California Gov. Jerry Brown (D) and with legislative leaders on Wednesday issued a plan to "protect all Californians from the threat of natural disasters and climate change."
The plan includes updates to liability rules and regulations for utility services "in light of changing climate and the increased severity and frequency of weather events."
- Share prices of PG&E Corp., parent of Pacific Gas and Electric and Edison International, parent of Southern California Edison (SCE), rose 7.2% and 3.3%, respectively, on the news.
Share prices of PG&E and Edison International have plummeted since last year's floods, mudslides and deadly wildfires.
Edison International's share price dropped from about $82 in November to a low of $58 in February before rebounding to a recent price of about $64. PG&E has gone from about $52 in September to a low of about $38 in February and has since rebounded to about $45.
The declines are related to the potential liabilities the utilities face from the wildfires.
PG&E and SCE came under investigation in the wake of the deadly fires that swept through California last fall. CAL FIRE, other fire agencies and the California Public Utilities Commission are investigating the causes of the fire, including the possible role of SCE equipment.
In a separate investigation, California officials are investigating PG&E's role in the fires that devastated the state's wine country. Some reports indicate that PG&E power lines burst into flames in the early hours of those fires.
The shares of the two companies rebounded somewhat on the announcement by Brown. PG&E shares jumped from about $42 to about $45, but have since backed off. Edison International shares jumped from about $59 to about $64 before backing off to about $63.
"A lot of the downside is already priced into the stocks," Travis Miller, director of utilities research with Morningstar, told Utility Dive. Regarding the governor's announcement, he said, "Anything that reduces the potential burden on investors is a positive for all California utility stocks."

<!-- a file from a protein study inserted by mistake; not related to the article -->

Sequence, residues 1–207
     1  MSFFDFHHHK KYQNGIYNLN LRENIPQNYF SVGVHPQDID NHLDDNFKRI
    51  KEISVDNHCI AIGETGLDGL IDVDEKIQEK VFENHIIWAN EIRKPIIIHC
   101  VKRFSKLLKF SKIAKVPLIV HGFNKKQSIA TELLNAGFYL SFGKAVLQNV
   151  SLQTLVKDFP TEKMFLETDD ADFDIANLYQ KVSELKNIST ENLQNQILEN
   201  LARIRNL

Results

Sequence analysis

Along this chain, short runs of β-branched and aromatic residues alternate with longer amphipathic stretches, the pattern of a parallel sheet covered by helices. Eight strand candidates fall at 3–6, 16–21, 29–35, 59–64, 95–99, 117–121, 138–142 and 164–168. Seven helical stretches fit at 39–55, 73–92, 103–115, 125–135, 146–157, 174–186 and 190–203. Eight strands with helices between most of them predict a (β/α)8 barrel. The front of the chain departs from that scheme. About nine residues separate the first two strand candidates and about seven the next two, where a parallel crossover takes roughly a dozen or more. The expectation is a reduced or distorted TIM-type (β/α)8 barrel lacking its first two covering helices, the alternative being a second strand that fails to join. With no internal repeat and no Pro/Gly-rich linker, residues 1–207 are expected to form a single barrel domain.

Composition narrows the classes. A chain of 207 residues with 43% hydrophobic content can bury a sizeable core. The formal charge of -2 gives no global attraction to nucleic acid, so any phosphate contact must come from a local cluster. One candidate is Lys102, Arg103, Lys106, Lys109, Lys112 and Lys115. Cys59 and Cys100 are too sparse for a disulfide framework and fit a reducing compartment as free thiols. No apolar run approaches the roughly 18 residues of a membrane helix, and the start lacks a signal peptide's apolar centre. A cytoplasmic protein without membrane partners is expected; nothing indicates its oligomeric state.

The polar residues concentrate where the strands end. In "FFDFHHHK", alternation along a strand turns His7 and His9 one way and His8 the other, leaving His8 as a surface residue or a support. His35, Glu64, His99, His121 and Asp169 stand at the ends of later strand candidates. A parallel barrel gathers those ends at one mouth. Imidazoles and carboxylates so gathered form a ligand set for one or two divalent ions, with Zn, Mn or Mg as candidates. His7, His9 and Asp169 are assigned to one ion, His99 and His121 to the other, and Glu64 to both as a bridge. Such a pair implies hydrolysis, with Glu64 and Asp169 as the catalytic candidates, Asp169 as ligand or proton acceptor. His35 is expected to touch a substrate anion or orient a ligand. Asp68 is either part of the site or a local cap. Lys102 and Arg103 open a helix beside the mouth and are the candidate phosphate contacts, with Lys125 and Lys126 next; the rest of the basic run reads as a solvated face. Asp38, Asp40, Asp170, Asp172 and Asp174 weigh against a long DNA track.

The liability could be very large, particularly for PG&E, which Miller estimates is in the range of $10 billion to $12 billion. He didn't have a comparable figure for Edison International, but said it "is fairly minimal" and not nearly as much as PG&E's liability.
Investors' concerns were stoked by a November California Public Utilities Commission ruling that rejected a request by San Diego Gas & Electric seeking to pass on to ratepayers around $379 million in costs related to wildfires in 2007.
A similar denial regarding the 2017 wildfires could have a devastating effect on PG&E and SCE. Brown's announcement, though still more of an idea than action, gave hope for investors.
Brown has said his administration would work closely with legislators to update utility liability rules and regulations.
"We believe it's already assumed by many investors that there was positive momentum in the legislature to address wildfire liabilities and see the Governor's office latest press release reaffirming this potential," analyst Julien Dumoulin-Smith at Bank of America Merrill Lynch, said.
But there are still many unknowns, such as whether or not solutions would be retroactive. There is also a question of timing, with the possibility that potential legislation might not be introduced until sometime towards the end of the 2018 summer legislative session.